None of this means that President Putin was justified in invading Ukraine.  But there’s a lot of blame to go around.


In an interview a month before the Russian invasion of Ukraine, Sakwa held out hope for reconciliation between the two nations.  I wonder whether he thinks it is possible now.


Frontline Ukraine: How Europe failed to slay the demons of war, an excerpt from Frontline Ukraine in The Guardian.

Frontline Ukraine: an unrivaled account, a review by Jonathan Steele for The Guardian.

Biden’s Escalation With Russia Over Ukraine Is a Terrible Idea, an interview with Richard Sakwa for Jacobin magazine.

Partnering With Neo-Nazis in Ukraine: an Inconvenient History by Ted Snider for Antiwar.com.  [Added 04/26/2022]

Tags: , ,

4 Responses to “What is Ukraine?”

  1. wtfbuddy1 Says:

    Only thing missing is Art 51 of the UN Charter which Russia controls the Security Council at the present time. Ukraine can not catch a break. Cheers


  2. Fred (Au Natural) Says:

    A big reason Ukraine was never let into NATO was because of Crimea and Sebastapol. Russia’s Black Sea Fleet was based there and the port was leased to Russia. It was not very likely that Russia would tolerate being dependent on a port completely under the control of NATO and it was imagined that consideration for NATO membership might provoke a preemptive invasion. Then 2014 happened and the chances of Ukraine joining NATO dropped from close to zero to negative numbers.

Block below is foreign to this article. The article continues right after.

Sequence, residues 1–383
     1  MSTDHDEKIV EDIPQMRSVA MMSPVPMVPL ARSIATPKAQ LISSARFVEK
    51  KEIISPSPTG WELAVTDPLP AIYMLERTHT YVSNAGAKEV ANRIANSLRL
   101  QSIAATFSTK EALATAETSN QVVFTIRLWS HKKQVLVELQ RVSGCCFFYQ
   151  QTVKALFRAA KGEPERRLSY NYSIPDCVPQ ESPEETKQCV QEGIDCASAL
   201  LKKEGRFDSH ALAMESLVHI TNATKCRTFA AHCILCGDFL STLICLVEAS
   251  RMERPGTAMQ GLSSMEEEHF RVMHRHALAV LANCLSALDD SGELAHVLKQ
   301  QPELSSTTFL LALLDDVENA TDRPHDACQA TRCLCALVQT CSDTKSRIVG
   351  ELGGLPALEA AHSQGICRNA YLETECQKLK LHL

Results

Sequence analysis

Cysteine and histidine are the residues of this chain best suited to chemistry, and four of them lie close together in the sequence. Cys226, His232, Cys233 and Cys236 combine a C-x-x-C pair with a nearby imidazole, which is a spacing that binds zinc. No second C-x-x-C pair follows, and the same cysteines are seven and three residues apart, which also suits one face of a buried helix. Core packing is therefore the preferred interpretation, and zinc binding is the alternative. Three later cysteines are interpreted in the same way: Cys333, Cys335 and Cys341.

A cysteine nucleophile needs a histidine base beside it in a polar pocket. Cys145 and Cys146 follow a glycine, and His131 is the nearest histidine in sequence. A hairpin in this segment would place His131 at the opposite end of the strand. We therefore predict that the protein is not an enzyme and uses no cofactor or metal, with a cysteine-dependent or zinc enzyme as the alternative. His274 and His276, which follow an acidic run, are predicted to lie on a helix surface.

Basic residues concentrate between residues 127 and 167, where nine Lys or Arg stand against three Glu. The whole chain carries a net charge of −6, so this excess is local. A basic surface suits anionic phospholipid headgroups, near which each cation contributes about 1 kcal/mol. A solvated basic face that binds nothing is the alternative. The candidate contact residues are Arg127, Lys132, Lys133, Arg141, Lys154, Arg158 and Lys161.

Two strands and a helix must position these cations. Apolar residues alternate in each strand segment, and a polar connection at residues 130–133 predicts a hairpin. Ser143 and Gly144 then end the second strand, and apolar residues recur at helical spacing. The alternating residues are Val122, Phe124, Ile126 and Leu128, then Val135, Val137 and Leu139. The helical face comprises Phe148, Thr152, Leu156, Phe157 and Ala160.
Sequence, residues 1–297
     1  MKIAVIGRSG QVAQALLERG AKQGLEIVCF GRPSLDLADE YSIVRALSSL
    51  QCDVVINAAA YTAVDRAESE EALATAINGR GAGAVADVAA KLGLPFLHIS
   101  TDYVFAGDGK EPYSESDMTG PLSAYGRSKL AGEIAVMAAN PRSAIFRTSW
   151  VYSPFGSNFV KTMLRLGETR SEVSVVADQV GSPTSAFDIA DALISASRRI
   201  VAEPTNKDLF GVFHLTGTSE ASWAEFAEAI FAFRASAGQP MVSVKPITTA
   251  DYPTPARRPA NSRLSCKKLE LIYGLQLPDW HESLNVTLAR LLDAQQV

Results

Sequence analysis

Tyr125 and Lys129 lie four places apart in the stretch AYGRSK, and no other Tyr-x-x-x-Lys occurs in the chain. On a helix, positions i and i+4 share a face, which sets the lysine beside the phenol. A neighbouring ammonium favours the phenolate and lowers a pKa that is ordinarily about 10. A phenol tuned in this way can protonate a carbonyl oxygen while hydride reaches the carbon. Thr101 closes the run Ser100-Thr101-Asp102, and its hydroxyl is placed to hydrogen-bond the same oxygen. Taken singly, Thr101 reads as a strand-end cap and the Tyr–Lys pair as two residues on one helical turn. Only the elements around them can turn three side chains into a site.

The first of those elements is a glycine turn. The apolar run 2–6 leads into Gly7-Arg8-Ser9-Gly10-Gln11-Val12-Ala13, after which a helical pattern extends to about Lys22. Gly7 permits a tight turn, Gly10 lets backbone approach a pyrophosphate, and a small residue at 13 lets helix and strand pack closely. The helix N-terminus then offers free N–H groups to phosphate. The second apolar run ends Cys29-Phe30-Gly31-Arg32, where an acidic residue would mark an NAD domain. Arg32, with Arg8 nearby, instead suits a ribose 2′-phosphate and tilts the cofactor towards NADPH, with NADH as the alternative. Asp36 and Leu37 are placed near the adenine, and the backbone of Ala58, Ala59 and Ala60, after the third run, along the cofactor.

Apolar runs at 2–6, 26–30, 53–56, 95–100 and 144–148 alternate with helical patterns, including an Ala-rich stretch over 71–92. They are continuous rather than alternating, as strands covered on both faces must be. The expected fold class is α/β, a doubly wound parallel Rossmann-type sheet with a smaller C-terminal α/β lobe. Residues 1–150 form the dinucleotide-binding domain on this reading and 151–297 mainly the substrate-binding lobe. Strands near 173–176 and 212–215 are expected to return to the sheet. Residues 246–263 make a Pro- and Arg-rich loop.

Still, NATO did have connections with Ukraine just as it has with Sweden and Finland. However, unlike Finland and Sweden, the West was (and still is) very careful never to send weaponry to Ukraine that had any offensive use nor even a modern air defense system. By keeping such a low profile it kept Ukraine from being a military threat.

    Ukraine never made it into the EU because of the oligarch problem. Over the years they had been brought (somewhat) under control and until recently it seemed a possibility. Russia would not have liked that but the NATO issue was far more dangerous. The 2022 invasion put an end to that.


  3. philebersole Says:

    This is from an e-mail sent by a friend who lives in Ireland

    Thanks for this. Interested in the book–will ask our department’s Russia specialist about it. I must, however, object to the claim that “the EU has become the civilian wing of NATO.” As someone living in Ireland, I see that as a huge overstatement. I guess Ireland is “required to coordinate its military and foreign policies with the existing members”–hard to see how you could have a relationship as deep as the EU without that–but Ireland is not in NATO, and is pretty determined to assert its neutrality. It’s not always perfect at it–there have been a lot of questions raised about the U.S. use of its airports–but it does pretty well for a country this small. Much better than small states on Russia’s periphery, I’d say!